Les Hinton, Murdoch's predecessor as executive chairman of News International, along with former News of the World editor Colin Myler and legal affairs manager Tom Crone, have been found guilty of misleading a committee of MPs over hacking. They could now be ordered to apologise in the House of Commons.
The cross-party Commons culture, media and sport select committee today published its report on an investigation into hacking launched in July 2011.
The probe came in the wake of allegations that the News of the World had hacked the phones of various high-profile individuals, including murdered schoolgirl Milly Dowler.
The committee, which heard evidence from various people connected to the scandal, including Rupert Murdoch and James Murdoch, said that it was "astonishing" that senior executives at News International claim that they were unaware of the true scale of hacking at the News of the World.
James Murdoch has faced questions over how much he knew about hacking at the paper when he signed off a £700,000 settlement to footballers' union boss and hacking victim Gordon Taylor in 2008.
Murdoch claimed not to have seen the key 'for Neville' email in 2008 that suggested hacking went beyond just one "rogue reporter" at the News of the World, but this claim was later rebutted by Myler and Crone.
The committee said in its report that Crone in particular had given "conflicting accounts" on whether he showed Murdoch the email, while Murdoch has been "consistent" in denying that he saw the full document before signing off the payment to Taylor.
"Given the conflicting accounts, however - and the reliability of evidence we have been given previously by witnesses from News International - the reality is that we cannot come to a definitive conclusion, one way or the other," said the MPs.
Crone was found to have misled the committee in evidence given in 2009 on the Gordon Taylor settlement, and again last year alongside Myler in evidence on their statements that other News of the World employees had been involved in the wrongdoing.
Murdoch did not absolved totally, though, as the report said it was "astonishing" that he had exhibited a "lack of curiosity" or "even wilful ignorance" of the background of the Taylor case.
"Even for a large company, £700,000 is a not inconsequential sum of money, and it is extraordinary that the chief executive should authorise its payment on the basis of such scant information," said the report of Murdoch's actions.
"If he did, indeed, not ask to see either document, particularly the counsel's opinion, this clearly raises questions of competence on the part of News International's then chairman and chief executive."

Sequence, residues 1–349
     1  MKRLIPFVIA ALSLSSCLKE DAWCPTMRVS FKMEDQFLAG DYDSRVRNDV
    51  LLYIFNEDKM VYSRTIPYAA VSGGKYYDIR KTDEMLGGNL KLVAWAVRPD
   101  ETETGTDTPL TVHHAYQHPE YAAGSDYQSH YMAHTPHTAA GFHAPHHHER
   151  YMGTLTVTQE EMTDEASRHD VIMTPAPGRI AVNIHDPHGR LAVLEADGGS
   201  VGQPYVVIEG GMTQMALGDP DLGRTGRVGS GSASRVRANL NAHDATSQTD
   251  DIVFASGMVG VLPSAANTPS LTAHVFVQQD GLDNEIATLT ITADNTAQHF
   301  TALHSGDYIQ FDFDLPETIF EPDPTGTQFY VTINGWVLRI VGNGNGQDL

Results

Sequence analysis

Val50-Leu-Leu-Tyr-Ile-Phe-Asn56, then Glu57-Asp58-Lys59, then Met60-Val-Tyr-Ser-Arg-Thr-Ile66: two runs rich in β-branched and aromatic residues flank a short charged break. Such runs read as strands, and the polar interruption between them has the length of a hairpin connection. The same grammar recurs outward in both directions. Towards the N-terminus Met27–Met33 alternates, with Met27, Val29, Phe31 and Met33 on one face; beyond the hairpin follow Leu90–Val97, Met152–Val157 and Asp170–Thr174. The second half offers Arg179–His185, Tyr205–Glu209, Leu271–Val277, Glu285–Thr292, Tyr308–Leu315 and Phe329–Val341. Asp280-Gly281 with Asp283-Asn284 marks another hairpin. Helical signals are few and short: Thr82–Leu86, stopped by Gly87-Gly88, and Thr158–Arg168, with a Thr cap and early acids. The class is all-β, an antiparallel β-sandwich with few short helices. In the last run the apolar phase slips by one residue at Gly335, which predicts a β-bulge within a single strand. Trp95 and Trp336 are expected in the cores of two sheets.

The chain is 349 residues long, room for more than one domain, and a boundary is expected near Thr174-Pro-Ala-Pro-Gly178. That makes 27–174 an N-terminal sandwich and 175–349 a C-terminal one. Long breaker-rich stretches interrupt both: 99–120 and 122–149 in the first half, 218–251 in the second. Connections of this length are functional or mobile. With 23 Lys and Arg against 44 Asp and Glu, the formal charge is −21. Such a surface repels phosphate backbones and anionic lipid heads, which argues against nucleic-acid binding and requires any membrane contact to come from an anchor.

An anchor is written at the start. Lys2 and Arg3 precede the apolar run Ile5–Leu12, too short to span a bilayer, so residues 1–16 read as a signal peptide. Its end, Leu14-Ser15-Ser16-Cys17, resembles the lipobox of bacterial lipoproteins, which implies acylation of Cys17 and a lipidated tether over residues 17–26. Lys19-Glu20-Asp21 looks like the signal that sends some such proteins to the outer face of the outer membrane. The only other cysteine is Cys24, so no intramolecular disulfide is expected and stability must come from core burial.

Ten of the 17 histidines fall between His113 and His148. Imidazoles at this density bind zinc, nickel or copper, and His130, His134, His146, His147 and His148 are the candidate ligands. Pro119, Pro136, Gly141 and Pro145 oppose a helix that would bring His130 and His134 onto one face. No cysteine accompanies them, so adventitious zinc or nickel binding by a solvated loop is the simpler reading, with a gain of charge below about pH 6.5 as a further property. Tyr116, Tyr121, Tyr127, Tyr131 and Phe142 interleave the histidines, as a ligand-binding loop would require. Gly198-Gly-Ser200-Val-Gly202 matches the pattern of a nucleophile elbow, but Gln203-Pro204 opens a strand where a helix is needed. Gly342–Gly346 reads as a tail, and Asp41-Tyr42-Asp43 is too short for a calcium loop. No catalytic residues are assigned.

Elsewhere in the report, the committee refrained from "drawing conclusions" on any individuals who have been arrested by police investigating wrongdoing by newspapers, in order to avoid the risk of prejudicing any future criminal trial.
This meant that there was no specific indication on whether Rebekah Brooks, the former chief executive of News International, and Andy Coulson, the former editor of the News of the World, may have misled MPs with their evidence.
But they did say that Brooks, also a former editor of the News of the World, must "accept responsibility" for the culture at now defunct Sunday tabloid that led to the use of hacking.
The committee reserved its most stinging criticism for Hinton, finding that he had misled the Committee in 2009 by not telling the truth over payments made to Clive Goodman, the former News of the World royal editor who was jailed for phone hacking in 2007.
Goodman was paid a total of £243,502.08 by News International from the time of his arrest in August 2006, until the conclusion of his unfair dismissal claims against the company.
The MPs said that the level of payment to Goodman, which was signed off by Hinton, was "extraordinary when one considers that he had been convicted of a criminal offence and that his actions had helped stain the reputation of the company".
"The double payment of a year's salary was, by any standards, 'over-generous' and it is impossible, therefore, not to question the company's motives. The pay-offs to a convicted criminal hardly reflect well on Les Hinton, who had authority over both payments," they said.
"When questioned about them in 2009 he was startlingly vague and - inexcusably - sought to portray his role as a passive one, simply following the advice given to him by his subordinates.
"The evidence we took in 2011 suggests that he not only authorised the payments, but took the decision to make them in the first place."
Hinton was also found to have misled the committee about the true extent of his knowledge of allegations that phone hacking extended beyond Clive Goodman and Glenn Mulcaire, the jailed private investigator hired by the News of the World, to others at the paper.
Overall, the News of the World and its parent company News International were found to have misled the committee and covered up the true extent of hacking, but the MPs said that ultimate responsibility must rest with Rupert and James Murdoch.
The MPs added: "Their instinct throughout, until it was too late, was to cover up rather than seek out wrongdoing and discipline the perpetrators, as they also professed they would do after the criminal convictions.
"In failing to investigate properly, and by ignoring evidence of widespread wrongdoing, News International and its parent News Corporation exhibited wilful blindness, for which the companies' directors - including Rupert Murdoch and James Murdoch - should ultimately be prepared to take responsibility."